About Wordsworth’s Lakeland people say “You may leave the Lake District, but once you’ve been, it’ll never leave you…” His unforgettable poetry rings through these hills and dales and over this lovely Grasmere lake – ‘The loveliest spot that man hath ever found’.
‘Embrace me then, ye Hills, and close me in;”Home at Grasmere’
Now in the clear and open day I feel
Your guardianship; I take it to my heart;
‘Tis like the solemn shelter of the night…….
Dear Valley, having in thy face a smile
Though peaceful, full of gladness. Thou art pleased,
Pleased with thy crags and woody steeps, thy Lake,
Its one green island and its winding shores;
The multitude of little rocky hills,
Thy Church and cottages of mountain stone
Clustered like stars some few, but single most
And lurking dimly in their shy retreats.‘
Reading Wordsworth’s poetry you sense you are talking with a wise friend, an inspiring gentle spirit and a deep lover of the natural world. He is a wonderful guide to these beloved Lakeland hills. He had eyes for beauty in the landscape and he noticed the little things. We feel with him as he walks with his eyes open, his heart ready and responsive to nature’s sights, sounds and gentle nudges. This is poetry of the heart as well as the landscape.
The Lakeland Poets
These crags and hills are clothed with tarns, rills and becks. In the quiet dales and beside their peaceful lakes it’s hard not to be a creative writer and poet here. The magic of these fells casts a spell over visitors as it did to Wordsworth, Coleridge, Ruskin, Southey and others. Rarely has a place inspired and been loved by so many people.
‘With respect to my Poems, trouble not yourself upon their present reception; of what moment is that compared with what I trust is their destiny, to console the afflicted, to add sunshine to daylight by making the happy happier, to teach the young and the gracious of every age, to see, to think and feel.’William Wordsworth
Life is made up of small things and apparently insignificant moments, like this evening shaft of sunlight in beautiful Great Langdale. In the distance are Crinkle Crags and Bowfell, to the right stand the Langdale Pikes. Several Wordsworth poems are about special moments and special places. After a day out walking the fells, he and Dorothy stopped to rest by an insignificant little hillside rill and experienced, in an unforgettable moment of bliss, ‘the immortal Spirit of one happy day.’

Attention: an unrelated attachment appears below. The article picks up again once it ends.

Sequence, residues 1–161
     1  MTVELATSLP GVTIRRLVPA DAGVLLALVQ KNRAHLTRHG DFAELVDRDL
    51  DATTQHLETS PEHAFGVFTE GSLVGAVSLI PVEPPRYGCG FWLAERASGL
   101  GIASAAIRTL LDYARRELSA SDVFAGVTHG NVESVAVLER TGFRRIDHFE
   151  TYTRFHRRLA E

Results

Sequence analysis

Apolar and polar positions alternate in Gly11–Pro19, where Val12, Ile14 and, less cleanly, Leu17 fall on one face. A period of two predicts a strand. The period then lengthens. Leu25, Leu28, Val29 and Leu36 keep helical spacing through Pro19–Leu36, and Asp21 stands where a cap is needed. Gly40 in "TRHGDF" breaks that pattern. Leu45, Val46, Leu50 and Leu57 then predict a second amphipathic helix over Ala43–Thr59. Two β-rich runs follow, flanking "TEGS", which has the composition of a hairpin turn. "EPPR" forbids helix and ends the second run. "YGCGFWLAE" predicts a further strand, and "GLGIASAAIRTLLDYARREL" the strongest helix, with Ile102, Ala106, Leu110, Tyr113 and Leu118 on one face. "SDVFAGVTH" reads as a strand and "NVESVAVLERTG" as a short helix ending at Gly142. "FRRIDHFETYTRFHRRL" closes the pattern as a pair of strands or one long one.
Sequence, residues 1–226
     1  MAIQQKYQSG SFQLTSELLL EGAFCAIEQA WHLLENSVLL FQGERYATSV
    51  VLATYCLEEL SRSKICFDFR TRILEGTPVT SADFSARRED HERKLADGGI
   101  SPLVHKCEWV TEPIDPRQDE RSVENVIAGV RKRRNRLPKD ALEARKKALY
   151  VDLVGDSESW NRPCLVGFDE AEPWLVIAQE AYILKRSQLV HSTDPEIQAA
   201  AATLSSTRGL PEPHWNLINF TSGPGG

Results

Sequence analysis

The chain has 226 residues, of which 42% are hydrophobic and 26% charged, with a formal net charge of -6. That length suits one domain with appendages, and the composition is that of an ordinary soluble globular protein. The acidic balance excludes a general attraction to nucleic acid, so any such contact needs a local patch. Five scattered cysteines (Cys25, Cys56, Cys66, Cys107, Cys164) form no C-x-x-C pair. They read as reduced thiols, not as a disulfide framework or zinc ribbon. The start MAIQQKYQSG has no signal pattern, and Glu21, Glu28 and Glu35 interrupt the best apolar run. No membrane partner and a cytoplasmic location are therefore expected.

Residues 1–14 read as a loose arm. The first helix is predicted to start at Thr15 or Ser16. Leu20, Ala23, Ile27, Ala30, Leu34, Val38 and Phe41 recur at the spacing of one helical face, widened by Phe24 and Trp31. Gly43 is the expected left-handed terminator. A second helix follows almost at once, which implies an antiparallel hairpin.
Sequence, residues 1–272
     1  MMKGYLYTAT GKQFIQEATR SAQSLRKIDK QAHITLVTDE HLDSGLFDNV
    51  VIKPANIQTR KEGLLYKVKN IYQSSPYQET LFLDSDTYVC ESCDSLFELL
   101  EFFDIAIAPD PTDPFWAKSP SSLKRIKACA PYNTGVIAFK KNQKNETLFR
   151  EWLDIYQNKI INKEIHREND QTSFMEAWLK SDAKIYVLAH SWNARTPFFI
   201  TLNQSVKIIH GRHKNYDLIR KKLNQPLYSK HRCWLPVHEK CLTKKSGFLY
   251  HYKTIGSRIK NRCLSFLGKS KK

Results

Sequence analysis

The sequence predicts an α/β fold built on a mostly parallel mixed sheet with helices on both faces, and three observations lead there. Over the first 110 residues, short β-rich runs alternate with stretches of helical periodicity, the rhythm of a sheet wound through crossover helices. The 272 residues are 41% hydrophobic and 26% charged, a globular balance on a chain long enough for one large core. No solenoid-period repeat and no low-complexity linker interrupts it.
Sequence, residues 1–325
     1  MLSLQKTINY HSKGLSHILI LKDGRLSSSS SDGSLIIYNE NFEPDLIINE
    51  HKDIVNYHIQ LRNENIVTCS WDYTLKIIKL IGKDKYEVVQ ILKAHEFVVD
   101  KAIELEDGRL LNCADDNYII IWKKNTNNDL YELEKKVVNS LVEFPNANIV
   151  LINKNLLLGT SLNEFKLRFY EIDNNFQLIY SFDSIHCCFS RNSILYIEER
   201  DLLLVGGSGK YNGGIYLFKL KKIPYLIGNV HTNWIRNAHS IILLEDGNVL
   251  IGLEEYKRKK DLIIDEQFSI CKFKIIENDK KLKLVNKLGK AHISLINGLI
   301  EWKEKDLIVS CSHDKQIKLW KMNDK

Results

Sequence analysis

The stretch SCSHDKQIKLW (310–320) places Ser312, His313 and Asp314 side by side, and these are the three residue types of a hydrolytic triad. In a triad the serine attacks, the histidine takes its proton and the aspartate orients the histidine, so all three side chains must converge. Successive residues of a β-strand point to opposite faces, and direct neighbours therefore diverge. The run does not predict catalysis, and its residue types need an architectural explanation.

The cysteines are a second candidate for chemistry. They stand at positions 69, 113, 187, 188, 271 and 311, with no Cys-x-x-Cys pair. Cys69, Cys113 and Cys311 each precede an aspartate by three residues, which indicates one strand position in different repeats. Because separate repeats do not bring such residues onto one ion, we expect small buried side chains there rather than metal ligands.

There is a little unpretending rill‘A little Unpretending Rill’
Of limpid water, humbler fair than aught
That ever among Men or Naiads sought
Notice of name! – It quivers down the hill,
Furrowing its shallow way with dubious will;
Yet to my mind this scanty Stream is brought
Oftener than Ganges or the Nile; a thought
Of private recollection sweet and still!
Months perish with their moons; year treads on year;
But, faithful Emma! thou with me canst say
That while ten thousand pleasures disappear,
And flies their memory fast almost as they;
The immortal Spirit of one happy day
Lingers beside that Rill, in vision clear.
It’s not always sunny in Lakeland as every visitor soon discovers! This is the wettest place in England. But these gentle hills take on a different form of beauty when the mists hang over the summits, adding a sense of mystery and grandeur. To be on a fell as the cloud swirls about you is a dramatic moment.
My first day in Lakeland was after a very rainy night. I remember hearing the roar of rills pouring down the surrounding hillsides. Moments like this remain in the memory. It was my father who introduced me to hill walking in the fells around Ullswater, Eskdale, Coniston, Great Langdale and Wastwater.
Thousands flock to Lakeland drawn irresistibly by the mountains, dales, lakes and by Wordsworth’s poetry. But as these recent photos show if you leave the crowded beauty-spots and take to the hills, there is still peace there.
As well as an Ordnance Survey map, many walkers in the hills of Lakeland carry in their rucksack a copy of the relevant Wainwright pictorial guide.
‘The fleeting hour of life of those who love the hills is quickly spent, but the hills are eternal. Always there will be the lonely ridge, the dancing beck, the silent forest; always there will be the exhilaration of the summits. These are for the seeking, and those who seek and find while there is still time will be blessed both in mind and body.’Alfred Wainwright
Next time Dorothy Wordsworth’s Grasmere Journal